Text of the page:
A Florida restaurant owes its employees $118,000 after putting them to work for simple tips, according to the Labor Department. said

Editor’s Note: This story has been updated to correct information regarding Florida overtime pay. Previously, the information did not include overtime wages applied to account for tips, as is currently required in the calculation.

TAMPA, Fla. (WFLA) — A U.S. Department of Labor investigation found a Mexican restaurant in Jacksonville owed its employees nearly $120,000 in back wages after forcing servers to work only for tips and refusing payment of overtime.

USDOL’s investigation found that Mexican restaurant Rosy’s was not paying salaries to its servers, “forcing them to rely on tips from customers as their only compensation.” The restaurant also denied overtime pay to “dish washers, cooks and some servers for over 40 hours worked in a work week.”

Overtime pay is granted at 1.5 times standard pay for all hours worked beyond the 40-hour work week, in accordance with the requirements of the Fair Labor Standards Act. Based on current Florida wage laws, a server earns a minimum of $6.98 per hour before tipping.

The US Department of Labor noted that Florida state law limits the amount of tip credit to $3.02 per hour for tipped employees. As a result, real-time wages would need to cover $11.98 per hour, to account for lost wages, since the Florida state minimum wage is $10 per hour, which makes that overtime is usually $15. Subtracting the maximum tip credit per hour from $3.02, the hourly wage before overtime tips would be $11.98.

The department said employers are “always responsible for ensuring that tipped employees receive” tipped amounts to cover the $3.02 amount required for all hours worked.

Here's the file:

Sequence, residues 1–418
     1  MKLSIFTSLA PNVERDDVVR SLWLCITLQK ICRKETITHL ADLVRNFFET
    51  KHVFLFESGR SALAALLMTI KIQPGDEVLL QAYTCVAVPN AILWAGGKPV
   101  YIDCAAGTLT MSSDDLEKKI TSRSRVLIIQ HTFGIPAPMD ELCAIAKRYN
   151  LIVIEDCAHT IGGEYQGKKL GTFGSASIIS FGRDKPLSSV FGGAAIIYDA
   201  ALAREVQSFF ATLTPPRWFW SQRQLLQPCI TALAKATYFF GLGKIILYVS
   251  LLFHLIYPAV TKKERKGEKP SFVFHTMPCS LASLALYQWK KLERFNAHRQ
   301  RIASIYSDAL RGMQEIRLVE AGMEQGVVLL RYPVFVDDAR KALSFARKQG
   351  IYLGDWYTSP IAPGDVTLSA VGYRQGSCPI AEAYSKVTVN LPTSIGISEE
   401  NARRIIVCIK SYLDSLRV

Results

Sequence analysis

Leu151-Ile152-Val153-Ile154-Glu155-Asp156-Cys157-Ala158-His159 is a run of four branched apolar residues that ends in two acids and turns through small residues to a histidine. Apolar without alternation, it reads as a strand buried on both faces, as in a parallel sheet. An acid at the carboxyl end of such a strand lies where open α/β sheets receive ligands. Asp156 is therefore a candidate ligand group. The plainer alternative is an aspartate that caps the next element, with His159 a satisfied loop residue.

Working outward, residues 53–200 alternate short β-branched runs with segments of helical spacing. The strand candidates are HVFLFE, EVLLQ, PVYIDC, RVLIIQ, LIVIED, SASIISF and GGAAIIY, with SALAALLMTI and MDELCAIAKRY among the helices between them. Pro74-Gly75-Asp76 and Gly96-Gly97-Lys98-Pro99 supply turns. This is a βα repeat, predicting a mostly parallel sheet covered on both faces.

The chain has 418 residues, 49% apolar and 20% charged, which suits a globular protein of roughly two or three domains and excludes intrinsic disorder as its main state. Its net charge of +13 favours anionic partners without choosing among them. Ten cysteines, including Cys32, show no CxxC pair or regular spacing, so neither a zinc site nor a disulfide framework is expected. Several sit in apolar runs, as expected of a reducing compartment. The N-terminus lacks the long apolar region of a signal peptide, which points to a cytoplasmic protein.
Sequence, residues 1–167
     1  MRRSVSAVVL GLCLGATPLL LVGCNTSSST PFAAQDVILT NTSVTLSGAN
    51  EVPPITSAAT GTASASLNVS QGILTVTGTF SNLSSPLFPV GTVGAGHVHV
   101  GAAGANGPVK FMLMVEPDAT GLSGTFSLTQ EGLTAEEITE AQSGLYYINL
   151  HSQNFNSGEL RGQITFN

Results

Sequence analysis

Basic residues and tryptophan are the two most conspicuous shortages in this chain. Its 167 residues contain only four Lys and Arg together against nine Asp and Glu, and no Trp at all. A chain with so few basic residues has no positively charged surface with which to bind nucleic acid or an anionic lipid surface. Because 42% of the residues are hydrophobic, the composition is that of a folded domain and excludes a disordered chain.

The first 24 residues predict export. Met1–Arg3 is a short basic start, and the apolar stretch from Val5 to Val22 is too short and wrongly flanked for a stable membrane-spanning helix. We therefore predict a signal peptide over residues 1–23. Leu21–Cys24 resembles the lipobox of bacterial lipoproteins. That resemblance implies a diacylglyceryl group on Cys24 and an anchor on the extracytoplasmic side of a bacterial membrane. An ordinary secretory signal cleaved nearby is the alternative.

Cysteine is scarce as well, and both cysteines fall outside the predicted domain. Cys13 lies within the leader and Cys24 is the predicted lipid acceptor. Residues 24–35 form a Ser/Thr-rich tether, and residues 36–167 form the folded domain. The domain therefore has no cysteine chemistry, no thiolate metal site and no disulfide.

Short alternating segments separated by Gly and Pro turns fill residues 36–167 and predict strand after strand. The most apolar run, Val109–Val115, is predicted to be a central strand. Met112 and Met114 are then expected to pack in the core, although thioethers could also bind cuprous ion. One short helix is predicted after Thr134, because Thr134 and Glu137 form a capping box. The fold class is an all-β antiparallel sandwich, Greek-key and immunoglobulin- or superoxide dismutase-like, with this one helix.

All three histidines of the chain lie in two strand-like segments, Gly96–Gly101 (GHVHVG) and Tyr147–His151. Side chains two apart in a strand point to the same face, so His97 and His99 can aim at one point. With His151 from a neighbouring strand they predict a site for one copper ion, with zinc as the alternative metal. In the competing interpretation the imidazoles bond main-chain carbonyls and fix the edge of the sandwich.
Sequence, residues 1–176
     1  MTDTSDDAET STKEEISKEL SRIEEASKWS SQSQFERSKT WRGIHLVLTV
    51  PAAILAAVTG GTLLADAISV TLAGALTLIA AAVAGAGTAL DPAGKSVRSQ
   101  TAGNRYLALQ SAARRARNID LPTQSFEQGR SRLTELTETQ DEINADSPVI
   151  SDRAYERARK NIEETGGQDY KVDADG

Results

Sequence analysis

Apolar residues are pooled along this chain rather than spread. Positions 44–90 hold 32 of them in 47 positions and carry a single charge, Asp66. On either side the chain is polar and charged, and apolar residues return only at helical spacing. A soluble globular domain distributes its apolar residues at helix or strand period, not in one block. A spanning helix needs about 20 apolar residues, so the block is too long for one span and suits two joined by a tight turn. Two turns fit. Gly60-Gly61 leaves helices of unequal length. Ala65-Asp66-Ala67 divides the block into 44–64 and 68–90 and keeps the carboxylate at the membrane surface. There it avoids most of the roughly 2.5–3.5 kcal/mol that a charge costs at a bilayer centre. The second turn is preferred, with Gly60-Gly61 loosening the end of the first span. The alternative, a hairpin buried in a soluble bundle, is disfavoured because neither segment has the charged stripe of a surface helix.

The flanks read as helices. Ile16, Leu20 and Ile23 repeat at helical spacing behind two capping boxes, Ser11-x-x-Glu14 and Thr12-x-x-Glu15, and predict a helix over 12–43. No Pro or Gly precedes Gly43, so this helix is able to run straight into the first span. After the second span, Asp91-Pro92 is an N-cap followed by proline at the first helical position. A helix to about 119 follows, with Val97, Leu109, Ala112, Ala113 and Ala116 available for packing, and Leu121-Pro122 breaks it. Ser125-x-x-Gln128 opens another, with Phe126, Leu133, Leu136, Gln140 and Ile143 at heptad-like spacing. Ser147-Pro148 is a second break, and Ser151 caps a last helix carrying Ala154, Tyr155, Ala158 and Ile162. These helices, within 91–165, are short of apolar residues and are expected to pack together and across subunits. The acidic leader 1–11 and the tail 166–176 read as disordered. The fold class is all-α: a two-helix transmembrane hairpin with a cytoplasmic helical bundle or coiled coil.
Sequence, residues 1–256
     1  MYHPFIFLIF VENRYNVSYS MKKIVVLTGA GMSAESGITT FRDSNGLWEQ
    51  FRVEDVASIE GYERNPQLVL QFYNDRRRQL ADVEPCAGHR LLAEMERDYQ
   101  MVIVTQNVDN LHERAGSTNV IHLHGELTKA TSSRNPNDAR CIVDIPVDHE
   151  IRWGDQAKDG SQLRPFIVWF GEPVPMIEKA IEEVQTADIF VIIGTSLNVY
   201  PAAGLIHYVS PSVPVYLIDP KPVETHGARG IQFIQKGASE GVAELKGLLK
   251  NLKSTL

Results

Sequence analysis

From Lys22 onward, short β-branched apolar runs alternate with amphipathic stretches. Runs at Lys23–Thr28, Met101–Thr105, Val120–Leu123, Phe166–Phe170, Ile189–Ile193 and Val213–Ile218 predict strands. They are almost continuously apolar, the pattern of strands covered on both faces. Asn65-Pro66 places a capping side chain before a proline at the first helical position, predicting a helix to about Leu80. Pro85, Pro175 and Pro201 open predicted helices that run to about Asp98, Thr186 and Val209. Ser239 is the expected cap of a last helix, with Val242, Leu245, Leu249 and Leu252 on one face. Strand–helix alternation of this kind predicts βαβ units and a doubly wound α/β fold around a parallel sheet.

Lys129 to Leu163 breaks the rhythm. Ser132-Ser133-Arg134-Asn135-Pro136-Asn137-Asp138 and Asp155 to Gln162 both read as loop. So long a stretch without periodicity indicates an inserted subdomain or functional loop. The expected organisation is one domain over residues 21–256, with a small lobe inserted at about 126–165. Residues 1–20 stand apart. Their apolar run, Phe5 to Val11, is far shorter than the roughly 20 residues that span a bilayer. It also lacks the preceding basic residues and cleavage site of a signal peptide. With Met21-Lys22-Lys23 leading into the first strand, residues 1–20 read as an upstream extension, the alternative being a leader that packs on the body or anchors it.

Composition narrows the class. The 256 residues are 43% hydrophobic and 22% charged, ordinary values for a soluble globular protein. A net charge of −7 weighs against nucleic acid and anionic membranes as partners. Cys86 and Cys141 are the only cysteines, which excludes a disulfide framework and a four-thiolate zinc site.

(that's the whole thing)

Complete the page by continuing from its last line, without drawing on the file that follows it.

In total, USDOL said Rosy’s owed 10 of its workers $118,042 in back wages and damages for denied wages and overtime.

“By denying servers cash wages and forcing them to live on tips alone and denying other workers overtime pay, Mexican restaurant Rosy has made it harder for these employees, who depend on every dollar, to take care of themselves and their families,” said Wage and Hour Division District Office Manager Wildalí De Jesús in Orlando, Florida.

The investigative report released by the department said E&E Quezada Food Services Corp., which operates the business, “failed to keep accurate payroll records” as well as violated labor laws and makes a 15-year-old employee work past 7 p.m., against Fair Labor Standards Act work requirements for under-16s.

Employees under the age of 16 are prohibited from working after 7 p.m. from Labor Day through May 31, according to the Department of Labor. From June 1 to Labor Day, these same employees cannot work after 9 p.m. The rule applies whether or not there is a school day the next day, such as weekends or holidays.

“Agency investigators became aware of the employer’s practices through the Employment Education and Outreach alliance. The alliance is a collaboration of community and non-governmental organizations, including state, local and federal agencies and Hispanic consulates, that provides information and assistance to Hispanic-speaking employees and employers regarding workplace rights and responsibilities,” said the department said in a statement.

Maria D. Ervin